There has already been one adjustment in the Metro-Parsons Brinckerhoff relationship, the severing of an arrangement that some critics on the Metro board said created at a minimum the appearance of impropriety.

About three months ago, Metro board Chairman Mortimer L. Downey quietly ended a 10-year relationship with Parsons Brinckerhoff as a “senior adviser” on mass transit matters.

Downey, a former deputy secretary of transportation during the Clinton administration and executive director of New York’s Metropolitan Transportation Authority, was a company consultant when he joined the Metro board in 2010. He succeeded Tom Downs as chairman in January.

Downey said in an interview that his duties included offering strategic advice on company projects, such as high-speed rail ventures in California and London. The contract initially called for eight days of work per month but was later cut back to four. He said the position paid about $100,000 a year.

But Downey, Metro and Parsons Brinckerhoff officials said there were bright lines separating his board duties from any corporate work.

“During his tenure, Parsons Brinckerhoff and Mr. Downey agreed that he would not assist us on WMATA projects,” Eby said. “We had a firm firewall that everyone respected and diligently maintained.”

Downey said in an interview that the relationship was reviewed annually by the agency’s general counsel. But with Metro under increasing criticism for serious lapses in its management, safety and fiscal practices, Downey severed the relationship with Parsons Brinckerhoff.

“The appearance issue was raised again, and everybody concluded that the best way . . . was to end the contractual relationship,” Downey said.

Board member Michael Goldman said Downey’s move was the proper one.

“I think it was the prudent thing to do, in light of the kind of scrutiny WMATA has been under,” Goldman said. “WMATA has enough problems.”

Joshua Schank, a former Parsons Brinckerhoff management consultant and president and chief executive of the Eno Center for Transportation, a nonpartisan think tank, said that while the transit center lawsuit will create tensions in the short run, Metro and the company are likely to do business in the future.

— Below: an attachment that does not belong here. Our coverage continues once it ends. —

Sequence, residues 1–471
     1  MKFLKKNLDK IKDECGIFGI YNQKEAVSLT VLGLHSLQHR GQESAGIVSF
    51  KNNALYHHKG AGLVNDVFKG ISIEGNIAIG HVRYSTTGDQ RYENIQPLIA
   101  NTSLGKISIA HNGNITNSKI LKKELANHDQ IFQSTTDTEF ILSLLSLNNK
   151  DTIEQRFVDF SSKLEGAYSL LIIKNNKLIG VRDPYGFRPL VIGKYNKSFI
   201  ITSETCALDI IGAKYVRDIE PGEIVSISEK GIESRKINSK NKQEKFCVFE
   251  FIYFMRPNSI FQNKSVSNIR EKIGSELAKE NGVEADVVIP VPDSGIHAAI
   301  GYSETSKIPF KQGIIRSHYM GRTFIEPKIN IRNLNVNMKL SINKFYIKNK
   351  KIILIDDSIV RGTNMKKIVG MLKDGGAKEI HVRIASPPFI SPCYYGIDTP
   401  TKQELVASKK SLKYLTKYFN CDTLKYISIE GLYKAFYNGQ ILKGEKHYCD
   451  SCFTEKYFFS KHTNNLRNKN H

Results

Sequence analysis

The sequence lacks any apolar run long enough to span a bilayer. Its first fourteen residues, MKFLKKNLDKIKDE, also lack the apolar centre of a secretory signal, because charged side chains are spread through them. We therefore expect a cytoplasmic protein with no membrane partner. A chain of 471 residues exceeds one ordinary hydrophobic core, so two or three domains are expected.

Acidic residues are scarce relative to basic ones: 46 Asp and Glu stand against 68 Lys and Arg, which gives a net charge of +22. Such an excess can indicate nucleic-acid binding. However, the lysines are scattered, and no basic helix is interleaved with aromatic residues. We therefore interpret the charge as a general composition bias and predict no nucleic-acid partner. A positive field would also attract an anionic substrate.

As a public entity, he said, Metro is obligated to accept all bids for work “without prejudice.”

“No one’s pleased about it,” Schank said. But over time, he added, key players on both sides will move to other jobs, to be replaced by others less invested in the matter.

The court battles could last nearly as long as construction, which began in 2008.

The general contractor on the job, Foulger-Pratt, which is also a defendant in the Metro-Montgomery lawsuit, is expected to file a counterclaim against the county and Parsons Brinckerhoff, alleging that poor management and shoddy design — not its work — produced costly delays.

The lawsuit is assigned to Montgomery County Circuit Court’s business and technology track, which allows an extended schedule for unusually complex cases. It provides for more than 400 days between the filing of a case and the beginning of trial, much of which both sides are expected to spend in discovery. The county doesn’t expect a trial to begin until early 2017, and estimates it could last a year to 18 months. Appeals could take two years.

Montgomery requires parties in the suit to enter “alternative dispute resolution,” or mediation, a process that could lead to an out-of-court settlement. But such a settlement makes it likely that Montgomery County would fall short of the 2013 reelection campaign promise by County Executive Isiah Leggett (D): that every taxpayer dollar spent fixing the transit center’s defects would be recovered.

“It’ll be a challenge,” said Matthew J. Pavlides, an attorney for the firm Miles and Stockbridge who specializes in construction litigation.